Incredible Customer Service

I just read this set of slides for a marketing course I’m starting for my Library Science program. I’m stunned and gladdened to see such devotion to customers. I’m going to start shopping with Zappos.com.

Do you know of other companies with exemplary service? What do they do that’s a cut above the norm?

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Rare Books Class

The second week of July I took a wonderful course, my first course in Rare Books about reference books for them. It met Monday through Friday from 9 to noon and 1 to 4 pm. We just had 8 students and a very knowledgeable, yet approachable teacher who welcomed questions. There was no PowerPoint, which weren’t missed. It just goes to show that as long as the topic’s interesting and the teacher knows what he or she’s doing, there’s no need for bells and whistles.

We learned about 350 the bibliographies and reference books that help collectors, scholars and readers learn about rare books. A couple days after class I managed to visit the university rare book collection.

The two assignments had parts that were the most challenging work I’ve had to do, i.e. find out the price of a 3rd edition of John Wolridge’s Systema Horticulturea when it first came out and find what the first book printed in Swedish was and what library currently has it.

I wound up going to rare book collections at Northwestern University, Harold Washington Library, Newberry Library, Loyola University Chicago, Clark University and the Chicago History Museum. It took me 8 trips and I had to throw in the town with the Systema Horticulturae question. I will say the staff at Harold Washington and the Chicago History Museum topped the list for approachability and helpfulness. Northwestern has a lovely gothic rare books room, but most of the books aren’t there. Believe it or not they’re housed in the engineering library, which is a 15 minute. (I understand running out of space but dividing the rare books collection up like this doesn’t make sense.) The Newberry has some helpful staff and others were rather clueless. I needed a book for a bibliography and their catalog showed they owned three copies but no one could find any of them. None of their books can be checked out.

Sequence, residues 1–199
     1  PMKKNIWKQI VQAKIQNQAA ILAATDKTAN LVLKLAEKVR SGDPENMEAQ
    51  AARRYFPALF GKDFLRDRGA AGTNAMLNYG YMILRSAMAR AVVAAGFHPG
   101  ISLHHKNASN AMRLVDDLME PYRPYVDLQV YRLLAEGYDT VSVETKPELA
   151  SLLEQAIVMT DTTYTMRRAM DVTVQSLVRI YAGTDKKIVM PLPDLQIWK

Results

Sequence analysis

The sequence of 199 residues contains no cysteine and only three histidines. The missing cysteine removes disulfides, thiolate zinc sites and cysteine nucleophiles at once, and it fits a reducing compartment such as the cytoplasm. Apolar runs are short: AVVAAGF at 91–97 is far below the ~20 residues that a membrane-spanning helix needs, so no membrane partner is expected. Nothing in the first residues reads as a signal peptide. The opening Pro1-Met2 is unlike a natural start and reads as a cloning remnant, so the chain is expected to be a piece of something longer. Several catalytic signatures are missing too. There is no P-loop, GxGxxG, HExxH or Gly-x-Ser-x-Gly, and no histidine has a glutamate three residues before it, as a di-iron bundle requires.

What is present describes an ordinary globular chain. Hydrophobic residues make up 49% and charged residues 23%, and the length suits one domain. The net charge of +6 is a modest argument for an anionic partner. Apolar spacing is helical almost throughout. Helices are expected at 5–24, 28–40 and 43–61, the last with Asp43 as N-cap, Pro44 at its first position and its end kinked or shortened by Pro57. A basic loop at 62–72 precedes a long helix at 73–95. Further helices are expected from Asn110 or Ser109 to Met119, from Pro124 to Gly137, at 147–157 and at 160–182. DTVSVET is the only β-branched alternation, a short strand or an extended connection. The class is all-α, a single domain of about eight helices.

Loyola was the worst of the bunch. You must make an appointment a day in advance. There’s no special room for rare books, just a messy windowless office where two women were working. Their office smelled like old books, which isn’t necessary. I was there in the morning without an appointment and when I asked if I could just make one, the librarian (clerk?) told me I’d have to call, which seemed absurd.

Yet at both the CHM and Harold Washington, I was treated well and while no one would (or could) do my homework for me they seemed invested in my success and were happy to help.

I’m so glad I took this class. While I think it takes a lifetime to really become an expert in this field, I loved being introduced to the wild world of rare books.

Kudos to the teacher for challenging us, not making us do a group project, and for being so approachable when brought up questions. You’d be surprised how often that’s not the case.

Journey Map Assignment

Introduction

Here’s this week’s homework for my Library UX course. We had to go to a library and write a step by step map including a shorthand method of showing how patrons, i.e. me in this case, felt during each part of the experience.

I was inspired by some of Rachel’s choices for previous assignments so I decided to visit the Newberry Library, an independent private library with a collection featuring lots of rare materials on American Indian (sic)  culture, the Renaissance, local history, genealogy and maps.  Since I’d never done research here, I was a bit nervous but also excited. I expected many of the procedures to be different and I knew that patrons did not have access to the books and materials, but didn’t know how that experience would feel, which is why I chose this library.

Journey Map

 

Conclusion

You can view the full size document here. While it was a bit more intimidating to research at the Newberry than at the Chicago History Museum, the Newberry has primary documents the Chicago History Museum lacks (and vice versa). The Newberry librarians were cordial, but not as helpful as at the Chicago History Museum. Both have rare materials, which are irreplaceable, but the Newberry’s security was tighter.

I think the Newberry should offer more help and show more interest in patron’s research, particularly first time visitors. Since patron’s must state their research area on the request forms, it’s not as though research privacy is a reason why librarians don’t interview patrons more thoroughly.

When a librarian or page delivers a book, she should be warmer and more cordial. Getting a reader’s card form on one floor and having to go to another to submit it seemed inconvenient. After examining the rationale for that arrangement and the functions of each floor, the library should streamline this procedure.